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Ecommerce experts on the impact of #COVID-19

We asked some of the UK’s leading e-commerce experts to answer a few questions about the impact COVID-19 has had on their digital marketing strategy, as well as how they look to adapt their offering during and after the pandemic.

Special thanks to Ellie Clark – Marketing Manager at Joshua James JewelleryAlex Humphries – Head of Digital at Luxury Flooring and Furnishings, Freddie Chatt Ecommerce Consultant at Freddiechatt.com and Pierre Larose – Founder of Hippie Pants

Has your business been affected by the coronavirus pandemic?


Ellie Clark – “As a jewellery company, we did expect a dip in sales, due to consumers receiving reduced wages and, therefore, wanting to limit their spending on luxury items. However, what we’ve actually seen are record-breaking performances for both April and May, with both months more than doubling turnover from the previous year. 

We expect that people may have been using our jewellery items and homeware to send as gifts to loved ones who they’ve been forced to spend time away from. Also, due to people not being able to go out to celebrate special occasions, they were willing to spend more money on gifting.”


Freddie Chatt“Most of my clients have seen an uptick in sales, with some seeing extraordinary growth. One client in the home-office-accessories space has seen sales increase over 200% in April and May, compared to the previous period. Demand for home improvement and home office equipment seems to be through the roof right now.

Conversely, a new cricket brand which we planned to launch in March this year has been completely delayed. This is due to a combination of supply chain issues and the obvious lack of cricket being played at this time.”

Alex Humphries“We’ve been fortunate that with the population being urged to “stay home”, many have taken it as an opportunity to undertake home improvement projects and we’ve seen our sales increase.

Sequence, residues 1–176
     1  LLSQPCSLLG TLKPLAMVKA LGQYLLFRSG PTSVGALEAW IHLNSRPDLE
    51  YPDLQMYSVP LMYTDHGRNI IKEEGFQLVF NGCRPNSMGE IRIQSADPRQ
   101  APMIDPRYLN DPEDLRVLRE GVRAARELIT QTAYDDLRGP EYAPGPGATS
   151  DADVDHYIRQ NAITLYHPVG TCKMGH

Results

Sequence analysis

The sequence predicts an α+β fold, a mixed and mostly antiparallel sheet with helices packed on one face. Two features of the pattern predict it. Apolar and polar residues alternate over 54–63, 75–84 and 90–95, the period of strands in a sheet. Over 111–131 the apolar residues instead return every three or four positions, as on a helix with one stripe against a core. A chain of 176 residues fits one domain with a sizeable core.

Since the 16th March and up until the end of May, we saw revenue increases of more than 48% compared to the same period last year. In May, sales were also up by more than 65% compared to 12 months ago.

However, we’ve also faced our fair amount of challenges, many of which centred around the supply of stock. Some of our key suppliers and wholesalers closed their factories and offices, so we were unable to get hold of certain brands for a considerable length of time. This led to indefinite lead times for our customers.”


Pierre Larose“Yes, we saw a total collapse of the supply chain to Brazil which is our main market. As a cross-border merchant, this meant we were suddenly unable to deliver our products with some orders stuck in transit and others unable to be processed. We work with a cooperative of local artisans, so our production was also affected by lockdown and social distancing rules.”

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Have you changed your digital marketing strategy in any way?


Ellie Clark“A lot of companies in light of the crisis decided to cut down their spends significantly, and reduce their advertising output, anticipating that consumers would be spending less. 

However, we chose to keep our advertising costs the same and kept a close eye on performance instead, to measure the impact and respond accordingly. This strategy meant that while our competitors were less visible online, we were often the first brand to be seen, making us the primary option for consumers.”


Freddie Chatt – “Initially, when many brands seemed nervous and immediately cut down ad spend, we held our nerve and increased our spend. With less competition, the cost to acquire a customer actually dropped. 

Additionally, we’ve doubled down on some of the more inspirational social channels such as Pinterest, where we’ve seen huge increases in traffic – presumably from people who have more time on their hands and spend time browsing for inspiration at home.”